As is typical for regional towns in Australia, Dalby's major intersections had big structures and even trees in the middle of the road. 

Another thing I've noticed in small country towns is that street corners often have gardens in them full of flowering plants. I particularly liked this one (though Brad thought it was messy!).

While Australia is officially a secular society we still have plenty of places of worship, most notably churches. I don't think I've been to a small town yet that hasn't a church. Usually, if it's big enough to have a pub, a primary school and a police station there will often be a church of some denomination as well.

In between the usual things like a supermarket, a newsagent and a cheap department store there were several boutique stores like this. I can only assume that enough wealthy people from Toowoomba and Brisbane must do the occasional day trip to Dalby and buy pretty things. Or maybe there are just a lot of male farmers making huge money who have wives who like to buy pretty things! (Totally stereotyping here, but it's a common thing to see in regional Australia).

Sometime after seeing the first pub and before I saw the first boutique clothes store I saw a series of these murals. Again, it was something unique to Dalby that I hadn't seen elsewhere before. Soon after this, I found the first of two op shops (charity stores that sell mostly second-hand products in order to raise money for disadvantaged people) and have a blast going on a mini "shopping spree". For $16 (AUD) I got a pair of green jeans, a short denim skirt, a long flowy orange skirt and two pairs of flat, strappy, awesome sandals that just happen to look awesome with all three pieces of clothing. Win!

It didn't take long to see most of the shops and much of the main street of Dalby. So we headed towards the creek to explore that space before heading home.

On the way, I found a cicada that was on the ground right where someone could stand on it. Since it looked alive and (I think) otherwise healthy I gently coaxed it onto my hand so I could relocate it to a safer place.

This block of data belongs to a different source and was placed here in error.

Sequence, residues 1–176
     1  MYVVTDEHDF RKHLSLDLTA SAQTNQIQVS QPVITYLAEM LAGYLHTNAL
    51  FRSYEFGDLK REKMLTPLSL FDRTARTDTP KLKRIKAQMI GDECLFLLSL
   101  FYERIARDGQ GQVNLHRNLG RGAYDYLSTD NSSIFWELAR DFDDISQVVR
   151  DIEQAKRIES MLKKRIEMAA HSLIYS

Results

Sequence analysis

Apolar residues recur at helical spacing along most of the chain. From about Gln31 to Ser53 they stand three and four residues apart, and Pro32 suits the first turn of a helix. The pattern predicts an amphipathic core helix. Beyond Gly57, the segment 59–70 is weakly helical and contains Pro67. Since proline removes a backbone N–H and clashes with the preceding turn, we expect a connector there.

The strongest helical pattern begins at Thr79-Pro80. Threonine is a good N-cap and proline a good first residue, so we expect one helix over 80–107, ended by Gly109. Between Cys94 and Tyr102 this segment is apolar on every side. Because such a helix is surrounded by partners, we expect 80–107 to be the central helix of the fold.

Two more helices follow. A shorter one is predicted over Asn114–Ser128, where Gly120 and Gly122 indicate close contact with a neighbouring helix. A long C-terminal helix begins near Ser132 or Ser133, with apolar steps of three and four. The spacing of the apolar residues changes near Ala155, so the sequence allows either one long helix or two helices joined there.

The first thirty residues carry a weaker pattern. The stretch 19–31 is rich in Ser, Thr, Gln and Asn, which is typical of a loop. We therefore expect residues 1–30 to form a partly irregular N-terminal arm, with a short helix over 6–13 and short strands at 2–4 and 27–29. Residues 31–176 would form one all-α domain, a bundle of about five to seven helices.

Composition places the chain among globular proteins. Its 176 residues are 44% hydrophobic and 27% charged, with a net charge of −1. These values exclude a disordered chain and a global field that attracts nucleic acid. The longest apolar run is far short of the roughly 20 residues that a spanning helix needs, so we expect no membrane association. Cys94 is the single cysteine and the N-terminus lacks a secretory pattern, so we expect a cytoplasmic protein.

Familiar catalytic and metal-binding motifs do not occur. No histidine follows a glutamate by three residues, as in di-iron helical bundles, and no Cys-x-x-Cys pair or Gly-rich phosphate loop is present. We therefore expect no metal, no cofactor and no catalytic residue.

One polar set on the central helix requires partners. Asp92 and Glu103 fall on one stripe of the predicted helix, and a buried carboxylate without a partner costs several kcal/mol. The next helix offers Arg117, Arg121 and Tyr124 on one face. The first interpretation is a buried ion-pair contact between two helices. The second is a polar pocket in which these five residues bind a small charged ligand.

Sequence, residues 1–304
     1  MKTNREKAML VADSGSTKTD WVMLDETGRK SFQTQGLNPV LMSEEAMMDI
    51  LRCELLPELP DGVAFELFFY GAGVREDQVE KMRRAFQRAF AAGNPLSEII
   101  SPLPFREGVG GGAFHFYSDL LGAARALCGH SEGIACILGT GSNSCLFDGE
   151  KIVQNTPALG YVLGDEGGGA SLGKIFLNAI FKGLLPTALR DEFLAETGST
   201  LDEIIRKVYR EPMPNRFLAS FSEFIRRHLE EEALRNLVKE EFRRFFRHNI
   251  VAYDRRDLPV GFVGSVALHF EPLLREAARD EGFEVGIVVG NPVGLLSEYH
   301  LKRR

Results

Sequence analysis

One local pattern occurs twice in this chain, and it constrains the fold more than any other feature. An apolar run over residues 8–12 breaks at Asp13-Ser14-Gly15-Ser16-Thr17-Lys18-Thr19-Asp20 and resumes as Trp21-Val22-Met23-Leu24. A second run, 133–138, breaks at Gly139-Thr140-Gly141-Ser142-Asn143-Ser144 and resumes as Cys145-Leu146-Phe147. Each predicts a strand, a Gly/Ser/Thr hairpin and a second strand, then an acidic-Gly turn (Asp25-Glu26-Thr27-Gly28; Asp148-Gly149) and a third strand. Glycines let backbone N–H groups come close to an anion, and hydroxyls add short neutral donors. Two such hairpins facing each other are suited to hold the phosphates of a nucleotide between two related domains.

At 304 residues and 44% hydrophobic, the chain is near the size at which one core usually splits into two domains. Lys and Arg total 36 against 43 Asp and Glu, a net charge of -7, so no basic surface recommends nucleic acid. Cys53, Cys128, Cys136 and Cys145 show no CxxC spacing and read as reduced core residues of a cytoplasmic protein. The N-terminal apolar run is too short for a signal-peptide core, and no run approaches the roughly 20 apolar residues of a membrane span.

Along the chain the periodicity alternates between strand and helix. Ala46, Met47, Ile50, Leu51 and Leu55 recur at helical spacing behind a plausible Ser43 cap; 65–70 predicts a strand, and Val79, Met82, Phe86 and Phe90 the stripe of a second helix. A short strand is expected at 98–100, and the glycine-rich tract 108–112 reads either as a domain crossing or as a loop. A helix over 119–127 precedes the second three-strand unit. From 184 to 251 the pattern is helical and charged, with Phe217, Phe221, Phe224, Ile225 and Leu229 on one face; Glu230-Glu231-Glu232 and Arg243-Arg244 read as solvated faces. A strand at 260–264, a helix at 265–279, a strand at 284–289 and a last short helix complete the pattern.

Cicadas are noisy buggers but they're not at all dangerous for humans. And being the bush girl that I am I had zero qualms about having it on my hand. Since I respect animals as much as humanly possible it was easy for me to be patient and gentle as I moved it across to a big tree where it belonged.

Speaking of animals, there were plenty more along the creek! Namely a truckload of these lizards. Very, very cute! 

 I think they're water dragons. And again, not dangerous to humans (while I'm sure it would hurt if they scratched or bit you, they tend to just run away from a human who tries to get close to them).

It was funny to see the ducks this close to this lizard. But I guess the ducks are far too big for the lizards to eat and the ducks mostly eat plants as their food source but any animals they eat are usually very tiny. So I guess these two species were no threat to each other. How nice to see them just co-existing :)

I think the local council must have only recently done up the walkways along the creek because the bridges looked new, the picnic shelters looked modern and then there were fun things like this. Can you see all the signs? I'm not sure what it was about but it was unexpected and pretty.

There were also these quirky metal statues that had engraved in them, "Dalby dude". 

Each one was doing something different.

There was another unexpected, visually pretty thing down near the creek: this small outdoor stage (there was an open green space behind where the photo was taken). I can only imagine that maybe the town got together to do things like singing Christmas Carols there?

It looked like these lanterns had been hand-painted, perhaps by the kids at the local primary school. I think someone must have picked a light and fun colour scheme and then said, "Here's the paint. Have fun!". They looked great!

We still had a little way to go to get back to the car and at one point found ourselves re-walking part of the parkrun course we'd already done only a couple of hours earlier.

I remember someone saying that parkrun had to be cancelled several times last year because of the flooding. (This is a flood height marker, so if the creek is in flood and water covers part of this sign you know how deep the creek is).

There were still visual reminders of the last big flood there with many handfuls of compressed leaf litter squashed against this fence post at least half a metre or more above the normal creek height. It would have been strong, moving water that picked all those leaves up and place them all there together like that. A flood that high would immediately see their weekly parkrun cancelled and the nearby campground also partly underwater.

But I guess there are plenty of times when things are normal, all is calm and the local kids want nothing more than to jump on this homemade swing and splash into the creek :)

And there you have it, Dalby. It's a small town but we were glad to visit and it has inspired us to do some more road trips to other regional Queensland towns.

All photos by @new.things used with his explicit permission and blessing. I'm happy to share this story of our very long Saturday trip with you. Until next time!